Re: [PATCH 0/3] TLB flush multiple pages per IPI v4

From: Sébastien Wacquiez
Date: Mon Aug 31 2015 - 12:26:38 EST

On 04/25/2015 07:45 PM, Mel Gorman wrote:

> The performance impact is documented in the changelogs but in the optimistic
> case on a 4-socket machine the full series reduces interrupts from 900K
> interrupts/second to 60K interrupts/second.

Hello to the list,

this patch have a huge (positive) performance impact on my setup.

In the goal of building the best ever CDN, I run varnish web cache over
very big boxes (dual xeon 12 cores, 256 Gb Ram, 24 SSd, 2*40G ethernet).

Without going into varnish internal, it help to know that varnish have
multiple storage backend (memory, file, etc), and that the file backend,
(the one you use when you have caches drives), don't use read/write
syscall but mmap.

The raw performances of this server are very good : when using varnish
with memory storage only, it push 80Gbps of network traffic easily. When
reading/writing from/to the drives, you get 10GB/s of data. And you can
do both at the same time without performance loss.

Anyway, without this patch, using file storage backend and after warmup,
the performance of the server was limited to a frustrating 14 Gbps. At
start, varnish read from the http backend at ~ 30 Gbps, cache the data
in his huge mmap, the system write it to the disk, stream it to the
client, so everything looks ok. But instead of becoming quicker when the
hitrate goes up (as we alread have data in the cache), it became slower
and slower, to finally freeze for like 4-5 seconds every 10 sec or so.

After analysis, I found out the bottleneck is the system's capacity
to find free memory. If I get it correctly, when you read a "swapped
out" page of a mmaped file, the kernel have to find some free memory to
put the data it'll read from the drive. In my case, the disk are quick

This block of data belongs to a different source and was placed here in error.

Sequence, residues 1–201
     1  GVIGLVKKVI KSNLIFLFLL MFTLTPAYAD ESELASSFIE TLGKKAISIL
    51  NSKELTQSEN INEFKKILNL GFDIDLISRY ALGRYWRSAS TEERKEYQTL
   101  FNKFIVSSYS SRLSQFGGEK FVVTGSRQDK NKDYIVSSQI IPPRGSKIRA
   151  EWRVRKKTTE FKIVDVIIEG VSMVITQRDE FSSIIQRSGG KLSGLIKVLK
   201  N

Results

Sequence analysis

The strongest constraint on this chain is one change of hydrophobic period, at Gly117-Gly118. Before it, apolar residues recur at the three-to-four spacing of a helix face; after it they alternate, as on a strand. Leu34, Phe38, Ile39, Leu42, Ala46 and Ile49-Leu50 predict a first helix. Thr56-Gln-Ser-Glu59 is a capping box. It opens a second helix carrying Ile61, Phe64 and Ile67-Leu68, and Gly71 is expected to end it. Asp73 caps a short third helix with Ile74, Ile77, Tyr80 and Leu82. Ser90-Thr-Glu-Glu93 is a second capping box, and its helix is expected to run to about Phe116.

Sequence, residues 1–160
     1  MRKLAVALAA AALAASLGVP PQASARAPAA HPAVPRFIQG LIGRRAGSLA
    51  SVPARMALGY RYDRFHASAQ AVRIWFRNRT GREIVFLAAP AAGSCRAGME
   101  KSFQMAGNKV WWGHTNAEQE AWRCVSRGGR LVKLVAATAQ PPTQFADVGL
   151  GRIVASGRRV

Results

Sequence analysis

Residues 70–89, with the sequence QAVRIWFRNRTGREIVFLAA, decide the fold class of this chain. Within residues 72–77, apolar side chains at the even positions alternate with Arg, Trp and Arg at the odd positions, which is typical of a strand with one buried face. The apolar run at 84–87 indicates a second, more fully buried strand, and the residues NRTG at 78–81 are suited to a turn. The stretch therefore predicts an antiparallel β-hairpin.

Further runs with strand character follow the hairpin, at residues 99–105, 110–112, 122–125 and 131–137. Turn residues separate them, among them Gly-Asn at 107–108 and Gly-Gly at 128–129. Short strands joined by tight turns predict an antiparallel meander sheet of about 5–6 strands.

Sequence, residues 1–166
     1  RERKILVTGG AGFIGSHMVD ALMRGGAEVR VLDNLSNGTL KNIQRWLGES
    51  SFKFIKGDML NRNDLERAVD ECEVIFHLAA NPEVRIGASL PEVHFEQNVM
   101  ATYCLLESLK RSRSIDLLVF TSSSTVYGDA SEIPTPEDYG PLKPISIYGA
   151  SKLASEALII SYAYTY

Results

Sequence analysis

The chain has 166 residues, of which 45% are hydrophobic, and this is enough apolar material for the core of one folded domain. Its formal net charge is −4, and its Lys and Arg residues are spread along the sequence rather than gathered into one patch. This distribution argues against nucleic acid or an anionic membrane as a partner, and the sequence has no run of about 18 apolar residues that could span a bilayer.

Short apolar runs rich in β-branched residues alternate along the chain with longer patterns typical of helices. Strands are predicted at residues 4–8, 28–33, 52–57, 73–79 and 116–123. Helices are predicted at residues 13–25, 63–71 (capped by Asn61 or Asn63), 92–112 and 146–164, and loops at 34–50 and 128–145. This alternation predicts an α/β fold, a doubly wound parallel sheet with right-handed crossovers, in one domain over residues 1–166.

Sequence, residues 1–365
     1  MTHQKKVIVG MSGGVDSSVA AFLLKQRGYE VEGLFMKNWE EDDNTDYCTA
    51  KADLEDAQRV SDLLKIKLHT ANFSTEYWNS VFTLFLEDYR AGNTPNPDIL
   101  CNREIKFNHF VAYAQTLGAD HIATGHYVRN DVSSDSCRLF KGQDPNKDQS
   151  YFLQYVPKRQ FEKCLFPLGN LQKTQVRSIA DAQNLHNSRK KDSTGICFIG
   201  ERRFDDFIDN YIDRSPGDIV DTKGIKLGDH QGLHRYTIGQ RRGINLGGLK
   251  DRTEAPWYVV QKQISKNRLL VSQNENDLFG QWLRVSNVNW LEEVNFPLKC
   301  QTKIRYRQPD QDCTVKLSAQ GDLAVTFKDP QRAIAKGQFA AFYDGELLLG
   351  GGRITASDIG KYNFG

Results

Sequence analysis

enough to handle the change almost in real time, so I've a lot of
potential free memory (ie Inactive(file)). Really freeing this memory
(either in direct or hard reclaim) is done relatively slowly, ie, after
some tuning to avoid any direct reclaim (which was causing the freeze),
I ended up having 2 kswapd (it's a bi-socket numa node) process eating
100% of cpu for ~ 14 Gbps of traffic (or ~1.5 Millions reclaims/s)

After a chat with Rik van Riel and Mel Gorman, they suggest me to try
this patch, and the limitation immediately jumped at 33 Gbps, which was
in fact my upstream capacity, after a while I was able to achieve
60 Gbps without experiencing any issue.
Even the freezing part, happening in direct reclaim mode, is a lot
smoother ; on my test rig it sufficiently quick to not be seen as
unavailability by my supervision (which wasn't the case before).

The bad news is that after some time (like 24h) of stress testing, the
performance degrade, I guess due to some kind of fragmentation. Still,
the performance seems to be maintained to a higher level than the
vanilla kernel.

I suppose that this patch could also help a lot with database (which
often mmap their data) which have to reread huge dataset frequently.

Thanks a lot to Rik and Mel for the provided help, and feel free to mail
me if you have question.


Sébastien Wacquiez

PS : the test were conducted with a 4.0.0 kernel.
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